Teaching Data Literacy using the OOI Ocean Data Exploration Activity "Dynamic Air-Sea Interactions"
I will introduce the online activity with the particular dataset that I will use and, using the student worksheet, lead the participants through the Exploration section, as I would do in my classroom. The participants will be able to follow along with the assignment worksheet. Then, I will then have the participants explore the Concept Invention and Application sections for a few minutes. I will follow with an overview of both sections and answer any questions or comments.
Teaching with real data is fun and engages students more thoroughly as it really illustrates the true nature of scientific inquiry, that data is not always straight-forward, as it can be messy, but still useful. The Ocean Observatory Initiative (OOI) Ocean Data Explorations provide an avenue to teach using various data collected by remote instrumentation, incorporated into meaningful datasets by professors, which have also created shareable activities that can be modified for different academic levels.
The "Dynamic Air-Sea Interaction" dataset uses atmospheric and oceanographic data to show the 2018 "Bomb Cyclone" that hit the northeastern U.S. The authors of this dataset have created a stepwise exploration of the atmospheric and oceanographic conditions observed during this event. The online graphs are interactive and allow students to zoom into certain hours of data collection, add data sets, and even create predictive rainfall curves. I will work with you through the standard activity that is used in my introductory oceanography laboratory class along with tips that will include ideas for using this activity remotely, both asynchronously and synchronously. Using this dataset, students will become more comfortable with analyzing data, recognizing patterns and trends between datasets, and developing and testing hypotheses.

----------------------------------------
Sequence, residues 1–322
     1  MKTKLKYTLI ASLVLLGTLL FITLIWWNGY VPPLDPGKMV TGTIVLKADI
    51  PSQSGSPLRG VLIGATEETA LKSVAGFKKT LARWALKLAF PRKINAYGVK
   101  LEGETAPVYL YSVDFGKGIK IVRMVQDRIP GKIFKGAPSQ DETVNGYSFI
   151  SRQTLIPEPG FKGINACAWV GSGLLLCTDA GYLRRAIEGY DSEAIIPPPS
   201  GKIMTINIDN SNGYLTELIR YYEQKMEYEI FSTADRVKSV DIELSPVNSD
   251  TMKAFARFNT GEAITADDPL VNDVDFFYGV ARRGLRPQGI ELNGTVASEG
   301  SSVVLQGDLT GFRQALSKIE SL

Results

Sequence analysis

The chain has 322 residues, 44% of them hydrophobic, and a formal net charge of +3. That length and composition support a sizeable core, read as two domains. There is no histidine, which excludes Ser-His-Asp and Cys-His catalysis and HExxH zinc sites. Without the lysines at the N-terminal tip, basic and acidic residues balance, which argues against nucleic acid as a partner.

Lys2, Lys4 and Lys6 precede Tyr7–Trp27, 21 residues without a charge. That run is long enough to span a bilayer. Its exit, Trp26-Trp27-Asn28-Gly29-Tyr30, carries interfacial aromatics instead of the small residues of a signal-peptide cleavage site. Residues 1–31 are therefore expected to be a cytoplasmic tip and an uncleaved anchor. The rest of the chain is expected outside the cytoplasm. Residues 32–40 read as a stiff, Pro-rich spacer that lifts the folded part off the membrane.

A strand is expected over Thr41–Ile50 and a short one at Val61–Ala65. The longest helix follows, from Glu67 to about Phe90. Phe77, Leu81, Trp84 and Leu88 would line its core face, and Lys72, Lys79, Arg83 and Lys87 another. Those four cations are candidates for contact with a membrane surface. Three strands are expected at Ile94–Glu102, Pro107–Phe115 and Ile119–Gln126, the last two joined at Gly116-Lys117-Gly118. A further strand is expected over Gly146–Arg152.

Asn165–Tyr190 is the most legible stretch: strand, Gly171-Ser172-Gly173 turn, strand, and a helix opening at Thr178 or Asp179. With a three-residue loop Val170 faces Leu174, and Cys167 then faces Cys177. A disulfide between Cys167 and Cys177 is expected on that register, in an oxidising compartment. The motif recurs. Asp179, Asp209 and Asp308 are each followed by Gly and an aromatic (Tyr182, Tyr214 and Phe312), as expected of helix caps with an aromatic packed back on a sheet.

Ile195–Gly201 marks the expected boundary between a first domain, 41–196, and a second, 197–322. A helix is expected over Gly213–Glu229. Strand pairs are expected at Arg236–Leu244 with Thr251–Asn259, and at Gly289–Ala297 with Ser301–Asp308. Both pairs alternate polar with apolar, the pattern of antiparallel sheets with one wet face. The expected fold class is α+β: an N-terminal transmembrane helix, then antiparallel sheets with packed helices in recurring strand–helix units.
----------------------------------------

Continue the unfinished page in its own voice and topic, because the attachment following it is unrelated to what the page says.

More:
I use the Dynamic Air-Sea Interactions in my introductory Oceanography laboratory course (100-level), which includes mostly non-science majors. This exploration is used after the students have worked through assignments on atmospheric cells, winds, and currents.
Why It Works
The students can interact with the data by scrolling over it to see the exact numbers and time it was collected and can zoom into the datasets. The students not only get to formulate a hypothesis based on the data and test it, but also get to predict the rainfall based on the barometric pressure data by drawing a curve on the rainfall graph. The interactive nature of the website is amazing and allows for this to be used for multiple academic levels.